Are the Gaps Closing? - Regional Trends and Forecasts of Indigenous Employment

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Abstract

This paper examines the extent to which Indigenous Australians have shared in the large expansion of the Australian workforce as revealed by a comparison of 2001 and 2006 census results and whether there have been any associated general patterns. As such, it provides the first comprehensive assessment of possible impacts of federal Indigenous employment policies introduced just prior to the 2001 Census and it contributes to the policy discourse on 'closing the gap' between Indigenous and other Australians. Conventional census measures of labour force status are established for each of 37 Indigenous Regions with a particular focus on changes in full-time private sector employment. In line with the policy focus on gap analysis an attempt is made to estimate future job requirements using a projection of the Indigenous working-age population to 2016. This reveals a need for more than 117,000 additional jobs to meet current government targets.

1. Introduction

Improving the mainstream employment prospects of Indigenous Australians has been a key strategy of successive Federal Governments for many decades. From the Aboriginal Employment Development Policy of the Hawke Labor Government in the 1980s to the focus on Practical Reconciliation of the Liberal/National Howard Government and now the emphasis on 'Closing the Gap' of the Rudd Labor Government, the integration of a greater proportion of Indigenous Australians into the mainstream labour market has been seen as the most effective way of reducing Indigenous socioeconomic disadvantage. For the most part, census data remain the most effective way of tracking progress towards this end.

For analysts of Indigenous employment, results from the 2006 Census were eagerly anticipated as the 2001 Census came too soon after the establishment of the Indigenous Employment Policy (IEP) in mid-1999 to allow sufficient time for any assessment of its possible impacts on Indigenous labour force outcomes (Hunter and Taylor, 2004). Over the years since that census, the full panoply of IEP measures have been in place with the particular aim of facilitating an expansion of private sector opportunities for the Indigenous population. Over the same period other significant labour market policies have been enacted - most notably a shift in emphasis away from community development aspects of the original Community Development Employment Projects (CDEP) scheme towards the preparation-for-mainstream employment focus of the current CDEP program. All these policy changes occurred during a time of strong economic growth and rapid employment expansion. There were around 800,000 additional people counted as employed in the 2006 Census compared to 2001, an increase of almost 10 per cent. The 2006 Census, therefore, allows us to consider whether Indigenous Australians shared equally in this expansion.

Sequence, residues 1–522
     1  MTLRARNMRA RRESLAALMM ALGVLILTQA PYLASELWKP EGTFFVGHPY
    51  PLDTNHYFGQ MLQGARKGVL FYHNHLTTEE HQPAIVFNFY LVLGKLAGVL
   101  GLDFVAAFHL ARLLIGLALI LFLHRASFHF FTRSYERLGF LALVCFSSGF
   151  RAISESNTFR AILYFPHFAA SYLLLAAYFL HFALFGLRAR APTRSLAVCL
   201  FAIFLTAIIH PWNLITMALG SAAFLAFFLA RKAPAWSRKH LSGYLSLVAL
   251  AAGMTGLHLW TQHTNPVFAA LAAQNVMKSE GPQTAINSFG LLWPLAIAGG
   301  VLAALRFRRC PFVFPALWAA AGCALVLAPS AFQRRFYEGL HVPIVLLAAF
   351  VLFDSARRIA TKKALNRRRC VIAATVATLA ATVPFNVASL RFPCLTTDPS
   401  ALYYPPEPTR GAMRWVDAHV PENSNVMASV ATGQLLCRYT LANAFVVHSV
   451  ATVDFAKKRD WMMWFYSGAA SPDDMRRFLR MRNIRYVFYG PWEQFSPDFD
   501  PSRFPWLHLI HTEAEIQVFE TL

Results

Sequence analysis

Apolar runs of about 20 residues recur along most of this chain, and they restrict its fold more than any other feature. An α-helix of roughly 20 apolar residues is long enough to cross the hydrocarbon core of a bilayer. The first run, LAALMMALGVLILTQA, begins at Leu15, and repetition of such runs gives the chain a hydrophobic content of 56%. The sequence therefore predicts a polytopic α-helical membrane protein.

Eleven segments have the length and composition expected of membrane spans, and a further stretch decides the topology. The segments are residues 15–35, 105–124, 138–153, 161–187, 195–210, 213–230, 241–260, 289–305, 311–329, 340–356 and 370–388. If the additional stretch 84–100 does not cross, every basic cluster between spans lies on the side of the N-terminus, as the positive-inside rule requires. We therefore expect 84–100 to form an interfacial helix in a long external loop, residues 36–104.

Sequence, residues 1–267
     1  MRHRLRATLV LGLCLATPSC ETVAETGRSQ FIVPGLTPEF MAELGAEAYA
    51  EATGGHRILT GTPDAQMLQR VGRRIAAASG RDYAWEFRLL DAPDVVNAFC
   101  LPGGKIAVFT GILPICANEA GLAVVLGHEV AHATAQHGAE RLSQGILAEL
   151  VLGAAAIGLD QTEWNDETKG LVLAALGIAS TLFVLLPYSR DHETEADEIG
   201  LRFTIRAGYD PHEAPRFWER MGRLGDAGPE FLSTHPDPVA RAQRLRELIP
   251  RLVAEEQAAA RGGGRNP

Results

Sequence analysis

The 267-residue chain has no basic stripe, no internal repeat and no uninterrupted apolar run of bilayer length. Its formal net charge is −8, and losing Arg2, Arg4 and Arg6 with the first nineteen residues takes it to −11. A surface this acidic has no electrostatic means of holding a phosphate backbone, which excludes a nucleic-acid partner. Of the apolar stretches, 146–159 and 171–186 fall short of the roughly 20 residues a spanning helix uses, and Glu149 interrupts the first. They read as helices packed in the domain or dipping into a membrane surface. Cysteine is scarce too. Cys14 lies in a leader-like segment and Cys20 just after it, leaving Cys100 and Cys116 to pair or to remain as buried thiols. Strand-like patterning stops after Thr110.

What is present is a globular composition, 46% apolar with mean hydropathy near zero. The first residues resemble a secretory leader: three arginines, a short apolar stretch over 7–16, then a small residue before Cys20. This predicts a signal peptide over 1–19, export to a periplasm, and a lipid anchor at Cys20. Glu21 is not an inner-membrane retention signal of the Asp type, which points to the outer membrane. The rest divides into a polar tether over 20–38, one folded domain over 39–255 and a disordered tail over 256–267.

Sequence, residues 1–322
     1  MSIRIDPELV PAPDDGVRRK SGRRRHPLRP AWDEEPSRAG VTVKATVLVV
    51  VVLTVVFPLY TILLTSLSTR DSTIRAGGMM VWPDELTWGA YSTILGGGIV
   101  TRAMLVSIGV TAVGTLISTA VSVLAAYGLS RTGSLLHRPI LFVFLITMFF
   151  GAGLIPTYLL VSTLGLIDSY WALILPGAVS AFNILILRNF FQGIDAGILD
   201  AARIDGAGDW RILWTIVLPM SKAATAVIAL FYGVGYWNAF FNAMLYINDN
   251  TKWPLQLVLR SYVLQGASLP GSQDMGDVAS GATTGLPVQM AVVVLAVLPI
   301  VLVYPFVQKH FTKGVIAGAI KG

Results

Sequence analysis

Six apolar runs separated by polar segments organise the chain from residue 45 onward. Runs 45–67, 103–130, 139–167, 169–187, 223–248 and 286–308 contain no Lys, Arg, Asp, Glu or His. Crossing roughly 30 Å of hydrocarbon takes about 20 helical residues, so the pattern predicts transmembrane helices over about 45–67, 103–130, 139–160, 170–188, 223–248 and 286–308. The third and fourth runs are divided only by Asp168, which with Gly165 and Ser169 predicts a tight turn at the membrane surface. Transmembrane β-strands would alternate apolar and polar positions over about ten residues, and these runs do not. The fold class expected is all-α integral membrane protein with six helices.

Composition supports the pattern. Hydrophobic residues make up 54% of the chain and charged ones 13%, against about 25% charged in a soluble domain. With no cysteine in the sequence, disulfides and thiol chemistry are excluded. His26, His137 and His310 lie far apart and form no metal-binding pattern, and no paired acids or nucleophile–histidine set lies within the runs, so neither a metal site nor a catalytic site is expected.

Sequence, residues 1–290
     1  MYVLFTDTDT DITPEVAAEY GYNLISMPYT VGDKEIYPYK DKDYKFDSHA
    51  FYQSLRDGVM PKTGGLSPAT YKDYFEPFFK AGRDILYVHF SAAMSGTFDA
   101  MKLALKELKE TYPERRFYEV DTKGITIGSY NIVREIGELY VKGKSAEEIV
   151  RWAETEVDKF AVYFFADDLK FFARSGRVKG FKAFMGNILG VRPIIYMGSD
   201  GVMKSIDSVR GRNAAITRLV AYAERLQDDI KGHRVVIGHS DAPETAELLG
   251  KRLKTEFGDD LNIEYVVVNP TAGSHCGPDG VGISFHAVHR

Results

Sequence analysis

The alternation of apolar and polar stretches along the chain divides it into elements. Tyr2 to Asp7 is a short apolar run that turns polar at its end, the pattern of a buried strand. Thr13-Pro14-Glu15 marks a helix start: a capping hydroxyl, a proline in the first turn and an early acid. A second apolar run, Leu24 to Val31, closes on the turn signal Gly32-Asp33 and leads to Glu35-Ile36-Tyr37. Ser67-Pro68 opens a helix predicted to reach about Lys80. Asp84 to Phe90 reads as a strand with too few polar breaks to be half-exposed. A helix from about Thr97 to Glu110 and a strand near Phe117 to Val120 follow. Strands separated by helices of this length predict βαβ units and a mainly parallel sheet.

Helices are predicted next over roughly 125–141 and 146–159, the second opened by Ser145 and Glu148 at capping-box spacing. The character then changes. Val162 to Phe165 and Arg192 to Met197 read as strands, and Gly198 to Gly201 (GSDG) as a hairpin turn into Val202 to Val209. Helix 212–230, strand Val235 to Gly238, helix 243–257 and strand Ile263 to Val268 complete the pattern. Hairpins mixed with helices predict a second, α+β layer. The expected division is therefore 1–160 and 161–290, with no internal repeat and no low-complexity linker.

While many studies have pointed to sporadic improvement in Indigenous labour market outcomes (DEWR, 2002, 2003; Altman and Hunter, 2003; Hunter and Taylor, 2004; ABS, 2008a; SCRGSP, 2007, 2009) these have been national-level partial analyses only and heavily reliant on sample survey or program data that do not always provide direct comparison with the rest of the workforce. By contrast, the census yields a fully comprehensive set of labour force data that provide for such comparative analysis at disaggregated levels of geography. Of course, the census has its own limitations to do with population coverage (Taylor and Biddle, 2008) but it remains the key resource for Indigenous labour market analysis. Thus, it is the outcomes for Indigenous people that are revealed from census to census in both absolute and relative terms that shed most light on the net effect of policy and the economy on changing economic status. While results from 2006 suggest that a combination of the IEP and favourable economic conditions led to an improvement in employment outcomes for Indigenous adults, closing the gap in labour force status with other Australians against the timetable set by current policy settings is another matter altogether because of disproportionately high growth in the Indigenous population of working-age. …